I haven’t done a ‘looking back’ piece for a while, so to divert attention away from our nail biting season climax I’ll going to cast my mind back twelve seasons to the Keith Alexander era. One match that sticks in my mind from back then took place in November of 2004.
Fifth against third in the National League isn’t an automatic promotion clash, but in the good old days of League Two it represented a roper top of the table clash. Keith Alexander’s side were 18 games in to the league season, perched in fifth with 27 points. It hadn’t been an easy start though, following a 1-0 opening day win at Shrewsbury, City won just twice more in 13 matches. From the beginning of October five wins from eight matches saw us catapult up the league table. By the time Gary Johnson’s Yeovil visited the Bank we were just fur points behind them.
Yeovil were something of a bogey side for City, and the game represented a real test for the in-form Imps. They had been promoted the season before, and had registered two wins in two games. They were unbeaten in five coming into the match, and boasted former Grimsby striker Phil Jevons who had already scored 13 times for them. Keith was under no illusions that Yeovil would pose a real test, in his programme notes he said “It’s all well and good having the resources, crowds and money but you’ve still got to sign players who will do the job and Gary (Johnson) has done that very well and I’m confident that today’s game will be the hardest match we’ve had this season”.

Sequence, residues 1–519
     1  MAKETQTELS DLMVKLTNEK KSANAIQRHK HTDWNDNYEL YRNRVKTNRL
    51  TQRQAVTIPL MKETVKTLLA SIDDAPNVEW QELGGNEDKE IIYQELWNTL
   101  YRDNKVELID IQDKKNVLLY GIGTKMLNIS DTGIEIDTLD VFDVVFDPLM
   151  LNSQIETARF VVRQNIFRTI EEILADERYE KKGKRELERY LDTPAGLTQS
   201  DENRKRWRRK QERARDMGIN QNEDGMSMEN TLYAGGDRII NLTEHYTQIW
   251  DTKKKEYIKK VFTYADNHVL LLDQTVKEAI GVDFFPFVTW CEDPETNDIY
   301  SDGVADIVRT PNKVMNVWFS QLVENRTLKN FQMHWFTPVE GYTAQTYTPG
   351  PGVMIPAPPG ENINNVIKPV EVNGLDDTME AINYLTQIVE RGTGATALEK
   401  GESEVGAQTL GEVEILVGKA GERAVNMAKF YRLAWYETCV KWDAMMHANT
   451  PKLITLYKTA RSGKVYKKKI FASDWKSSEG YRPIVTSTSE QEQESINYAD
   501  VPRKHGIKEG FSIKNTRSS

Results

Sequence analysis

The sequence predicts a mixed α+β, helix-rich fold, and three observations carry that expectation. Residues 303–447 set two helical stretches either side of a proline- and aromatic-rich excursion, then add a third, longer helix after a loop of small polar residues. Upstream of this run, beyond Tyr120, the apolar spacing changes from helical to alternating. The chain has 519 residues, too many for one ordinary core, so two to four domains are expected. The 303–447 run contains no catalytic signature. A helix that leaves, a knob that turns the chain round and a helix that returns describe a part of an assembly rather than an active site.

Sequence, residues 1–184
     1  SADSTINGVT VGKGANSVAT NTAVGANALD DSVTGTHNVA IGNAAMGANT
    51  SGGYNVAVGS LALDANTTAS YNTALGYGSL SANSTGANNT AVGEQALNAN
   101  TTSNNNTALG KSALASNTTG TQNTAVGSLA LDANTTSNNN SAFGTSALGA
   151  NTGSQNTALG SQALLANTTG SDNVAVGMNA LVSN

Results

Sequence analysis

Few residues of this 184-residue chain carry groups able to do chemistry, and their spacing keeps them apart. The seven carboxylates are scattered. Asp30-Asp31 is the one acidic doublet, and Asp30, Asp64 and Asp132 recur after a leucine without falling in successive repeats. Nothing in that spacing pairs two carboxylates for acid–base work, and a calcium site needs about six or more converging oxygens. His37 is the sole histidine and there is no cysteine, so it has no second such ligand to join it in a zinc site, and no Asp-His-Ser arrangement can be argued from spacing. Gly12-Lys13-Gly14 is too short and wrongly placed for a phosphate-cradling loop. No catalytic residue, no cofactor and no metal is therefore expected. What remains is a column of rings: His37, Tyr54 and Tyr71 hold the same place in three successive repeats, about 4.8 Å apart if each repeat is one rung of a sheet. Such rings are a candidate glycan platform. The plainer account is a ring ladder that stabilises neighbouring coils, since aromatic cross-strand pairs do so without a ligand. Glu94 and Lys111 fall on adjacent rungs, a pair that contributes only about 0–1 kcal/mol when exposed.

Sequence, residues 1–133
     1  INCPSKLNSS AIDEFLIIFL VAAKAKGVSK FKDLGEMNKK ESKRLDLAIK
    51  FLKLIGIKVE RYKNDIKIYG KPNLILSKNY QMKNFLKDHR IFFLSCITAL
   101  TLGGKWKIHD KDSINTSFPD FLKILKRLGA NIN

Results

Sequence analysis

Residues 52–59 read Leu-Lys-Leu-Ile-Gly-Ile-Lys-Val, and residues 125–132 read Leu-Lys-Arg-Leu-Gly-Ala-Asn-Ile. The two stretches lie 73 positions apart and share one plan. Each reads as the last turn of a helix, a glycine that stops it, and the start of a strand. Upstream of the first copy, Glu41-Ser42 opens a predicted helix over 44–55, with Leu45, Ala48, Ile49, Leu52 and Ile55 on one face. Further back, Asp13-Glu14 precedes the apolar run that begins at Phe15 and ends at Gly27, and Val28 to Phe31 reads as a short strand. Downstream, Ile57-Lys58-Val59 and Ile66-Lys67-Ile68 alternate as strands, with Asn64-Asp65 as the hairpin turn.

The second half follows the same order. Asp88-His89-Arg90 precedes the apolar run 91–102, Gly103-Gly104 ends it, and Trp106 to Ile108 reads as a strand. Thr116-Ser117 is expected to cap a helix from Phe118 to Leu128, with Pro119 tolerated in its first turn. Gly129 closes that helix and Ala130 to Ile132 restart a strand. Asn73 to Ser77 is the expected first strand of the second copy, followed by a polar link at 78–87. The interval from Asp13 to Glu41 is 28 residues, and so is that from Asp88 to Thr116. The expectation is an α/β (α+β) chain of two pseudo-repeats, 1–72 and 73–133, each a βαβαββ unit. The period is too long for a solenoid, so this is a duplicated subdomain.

On paper that was very true, and for all the praise and plaudits Keith’s sides received they never really reached their full potential. The terrible start to the season didn’t do the quality of the squad any justice, especially as the side boasted players such as Gary Taylor-Fletcher, Peter Gain and Richard Butcher. Yeovil had a similar array of talent though, alongside Jevons they had the likes of Lee Johnson, Terry Skiverton and a pre-rubbish Kevin Gall. City were in for a match and a half.
It was a bitterly cold afternoon, but 4,700 fans still came along to watch the resurgent City side, which lined up as follows: Alan Marriott, Jamie McCombe, Kevin Sandwith, Paul Morgan, Ben Futcher, Gareth McCauley, Peter Gain, Richard Butcher, Marcus Richardson, Gary Taylor-Fletcher and Simon Yeo. The bench consisted of Matt Bloomer, Peter Folkes, Nathan Peat, Adrian Littlejohn and Ollie Ryan. Perhaps there is an indication of why the side couldn’t push on to the next level, strength in depth.
It was City who drew first blood after half an hour of tense and nervy football. A neat ball from Gary Taylor-Fletcher found the run of Marcus Richardson, and the leggy striker used his deceiving pace to outstrip the defence and slot home past Chris Weale in the Yeovil net. It was no less than City deserved, and it certainly sparked the game in to life.